Flash floods are unexpectedly quick and powerful, which is exactly what makes them so dangerous. The often bring walls of water 10 to 20 feet high.
Demarcus Jackson, a 15-year-old from Peoria, Ill., found that out the hard way in June.
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Jackson was swimming in a creek with his brother and a friend when the current picked up because of a torrential downpour in the area.
While his brother and friend were able to escape, Jackson was swept away by the fast-moving current.
Search and rescue efforts ensued, but were suspended that night due to the rising water levels and strong current, which made conditions nearly impossible for divers.
Early he next morning, two residents who lived in the same neighborhood where Jackson was swept away went down into the concrete basin to search for the teen. By that point, flood waters had completely subsided.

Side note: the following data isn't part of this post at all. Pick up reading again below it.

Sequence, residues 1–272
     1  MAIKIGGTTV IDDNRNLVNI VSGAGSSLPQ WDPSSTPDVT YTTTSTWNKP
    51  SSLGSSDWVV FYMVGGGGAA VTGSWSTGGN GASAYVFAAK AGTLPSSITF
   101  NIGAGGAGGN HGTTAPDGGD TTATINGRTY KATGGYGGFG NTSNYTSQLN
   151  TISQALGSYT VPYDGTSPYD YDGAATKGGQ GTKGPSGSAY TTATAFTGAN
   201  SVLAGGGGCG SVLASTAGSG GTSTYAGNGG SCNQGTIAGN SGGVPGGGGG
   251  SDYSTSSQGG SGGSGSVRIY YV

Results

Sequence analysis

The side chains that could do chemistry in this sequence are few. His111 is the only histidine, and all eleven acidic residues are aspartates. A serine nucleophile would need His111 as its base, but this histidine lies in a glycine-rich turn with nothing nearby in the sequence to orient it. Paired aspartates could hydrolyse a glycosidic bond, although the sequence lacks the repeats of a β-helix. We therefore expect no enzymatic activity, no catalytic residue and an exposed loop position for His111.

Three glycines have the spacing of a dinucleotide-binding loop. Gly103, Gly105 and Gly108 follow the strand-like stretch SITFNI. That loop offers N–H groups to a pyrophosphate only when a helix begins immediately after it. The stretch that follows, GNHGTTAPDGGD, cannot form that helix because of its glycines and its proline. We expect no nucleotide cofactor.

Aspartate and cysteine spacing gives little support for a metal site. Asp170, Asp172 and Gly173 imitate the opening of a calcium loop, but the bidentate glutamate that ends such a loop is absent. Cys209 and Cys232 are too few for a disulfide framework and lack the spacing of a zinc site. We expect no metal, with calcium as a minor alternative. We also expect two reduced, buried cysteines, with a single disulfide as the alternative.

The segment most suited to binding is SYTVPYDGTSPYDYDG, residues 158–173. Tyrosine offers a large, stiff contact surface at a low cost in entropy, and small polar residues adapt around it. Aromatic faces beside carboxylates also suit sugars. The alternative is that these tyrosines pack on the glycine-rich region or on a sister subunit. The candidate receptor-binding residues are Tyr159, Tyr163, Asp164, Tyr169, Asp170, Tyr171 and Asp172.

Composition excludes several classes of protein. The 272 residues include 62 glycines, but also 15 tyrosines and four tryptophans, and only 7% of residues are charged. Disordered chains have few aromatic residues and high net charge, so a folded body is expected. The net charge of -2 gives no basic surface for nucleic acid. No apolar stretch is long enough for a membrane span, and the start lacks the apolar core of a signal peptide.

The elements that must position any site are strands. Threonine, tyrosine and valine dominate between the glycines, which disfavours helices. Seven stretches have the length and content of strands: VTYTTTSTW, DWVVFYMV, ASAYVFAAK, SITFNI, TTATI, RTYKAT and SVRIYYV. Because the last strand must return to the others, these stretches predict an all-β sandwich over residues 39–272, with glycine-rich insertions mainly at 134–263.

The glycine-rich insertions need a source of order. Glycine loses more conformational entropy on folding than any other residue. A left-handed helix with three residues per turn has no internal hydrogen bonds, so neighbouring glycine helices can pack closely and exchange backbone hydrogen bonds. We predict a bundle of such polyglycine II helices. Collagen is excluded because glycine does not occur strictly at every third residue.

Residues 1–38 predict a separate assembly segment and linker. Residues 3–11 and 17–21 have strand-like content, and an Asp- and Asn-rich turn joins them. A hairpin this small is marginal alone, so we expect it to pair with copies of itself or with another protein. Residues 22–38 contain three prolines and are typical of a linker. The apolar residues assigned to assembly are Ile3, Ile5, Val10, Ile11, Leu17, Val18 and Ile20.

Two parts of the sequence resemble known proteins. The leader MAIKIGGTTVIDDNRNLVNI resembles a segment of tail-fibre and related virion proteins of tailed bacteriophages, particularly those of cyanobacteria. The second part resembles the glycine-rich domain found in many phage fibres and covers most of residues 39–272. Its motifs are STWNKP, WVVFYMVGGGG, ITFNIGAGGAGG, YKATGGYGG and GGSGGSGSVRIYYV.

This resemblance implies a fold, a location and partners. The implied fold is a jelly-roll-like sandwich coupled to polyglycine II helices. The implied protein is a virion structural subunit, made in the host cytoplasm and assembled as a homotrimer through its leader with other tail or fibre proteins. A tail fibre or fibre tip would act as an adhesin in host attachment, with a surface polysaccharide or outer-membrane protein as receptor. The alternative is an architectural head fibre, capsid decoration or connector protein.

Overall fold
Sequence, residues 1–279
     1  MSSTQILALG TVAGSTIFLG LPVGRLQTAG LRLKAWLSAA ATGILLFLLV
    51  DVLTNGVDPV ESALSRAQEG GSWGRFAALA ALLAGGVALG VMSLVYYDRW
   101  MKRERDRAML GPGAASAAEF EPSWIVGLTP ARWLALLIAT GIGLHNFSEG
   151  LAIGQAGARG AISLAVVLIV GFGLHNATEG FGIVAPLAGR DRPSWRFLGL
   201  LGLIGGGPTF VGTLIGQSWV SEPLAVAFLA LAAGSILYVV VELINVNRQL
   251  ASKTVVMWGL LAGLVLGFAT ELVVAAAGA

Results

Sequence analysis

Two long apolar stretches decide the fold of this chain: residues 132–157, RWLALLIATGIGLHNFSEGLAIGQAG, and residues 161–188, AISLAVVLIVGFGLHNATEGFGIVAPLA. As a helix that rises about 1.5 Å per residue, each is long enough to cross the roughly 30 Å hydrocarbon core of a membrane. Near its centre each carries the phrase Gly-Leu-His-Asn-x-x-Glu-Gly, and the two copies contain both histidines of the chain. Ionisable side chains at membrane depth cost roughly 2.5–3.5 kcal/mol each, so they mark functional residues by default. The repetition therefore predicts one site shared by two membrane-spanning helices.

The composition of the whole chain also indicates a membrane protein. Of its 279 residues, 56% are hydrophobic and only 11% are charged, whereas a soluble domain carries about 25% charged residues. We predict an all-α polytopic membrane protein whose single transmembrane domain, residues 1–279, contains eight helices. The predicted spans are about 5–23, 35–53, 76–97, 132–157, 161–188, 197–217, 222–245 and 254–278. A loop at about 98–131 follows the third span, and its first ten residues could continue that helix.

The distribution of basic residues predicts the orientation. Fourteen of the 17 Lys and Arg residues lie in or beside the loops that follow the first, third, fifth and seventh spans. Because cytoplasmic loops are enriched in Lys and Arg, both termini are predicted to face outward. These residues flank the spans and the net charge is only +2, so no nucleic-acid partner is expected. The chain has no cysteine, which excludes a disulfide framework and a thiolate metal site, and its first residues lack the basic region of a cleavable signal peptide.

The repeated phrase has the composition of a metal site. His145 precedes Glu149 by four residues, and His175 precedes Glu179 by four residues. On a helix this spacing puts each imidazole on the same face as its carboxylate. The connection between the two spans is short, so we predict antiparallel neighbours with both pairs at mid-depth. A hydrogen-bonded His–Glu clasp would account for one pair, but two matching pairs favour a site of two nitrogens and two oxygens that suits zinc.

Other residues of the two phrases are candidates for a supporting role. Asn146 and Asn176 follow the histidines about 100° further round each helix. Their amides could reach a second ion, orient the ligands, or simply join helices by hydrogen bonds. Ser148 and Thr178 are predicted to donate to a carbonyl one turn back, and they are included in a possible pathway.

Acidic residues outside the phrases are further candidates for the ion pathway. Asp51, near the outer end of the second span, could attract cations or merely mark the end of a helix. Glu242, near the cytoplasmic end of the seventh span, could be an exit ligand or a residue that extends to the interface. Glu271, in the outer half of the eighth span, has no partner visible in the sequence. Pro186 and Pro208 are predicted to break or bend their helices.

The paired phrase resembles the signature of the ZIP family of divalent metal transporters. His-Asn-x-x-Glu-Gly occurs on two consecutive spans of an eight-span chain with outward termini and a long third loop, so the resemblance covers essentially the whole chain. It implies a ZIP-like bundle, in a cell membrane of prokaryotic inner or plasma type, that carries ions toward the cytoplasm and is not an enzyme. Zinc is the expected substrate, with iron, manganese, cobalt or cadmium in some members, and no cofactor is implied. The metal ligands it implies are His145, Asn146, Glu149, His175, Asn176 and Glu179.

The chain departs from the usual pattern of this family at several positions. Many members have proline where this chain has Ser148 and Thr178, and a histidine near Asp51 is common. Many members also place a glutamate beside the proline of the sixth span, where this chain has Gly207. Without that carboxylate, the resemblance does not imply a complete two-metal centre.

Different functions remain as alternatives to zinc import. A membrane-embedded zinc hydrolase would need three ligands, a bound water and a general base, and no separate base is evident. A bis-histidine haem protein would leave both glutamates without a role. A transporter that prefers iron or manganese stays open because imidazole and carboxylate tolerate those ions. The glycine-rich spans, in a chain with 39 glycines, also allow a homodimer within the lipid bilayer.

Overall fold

After a brief search, the two residents spotted Jackson walking out from underneath a tunnel and contacted authorities, who were just beginning their own search after establishing a plan.
But how did Jackson survive the night? According to multiple media outlets, the teen spent most of the night clinging to a tree branch, which helped keep him above the fast-moving current.
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Local police said that Jackson was found in “good health,” as he only suffered a few minor cuts.
“Flash flood warnings are issued for a reason. It’s because things are bad and things are going to happen,” Peoria Police Capt. Mike Scally told Peoria Public Radio after Jackson was found. “… Basically, it’s just educating the kids and taking care of them.”
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by Real World Survivor Editor / Jun 12, 2015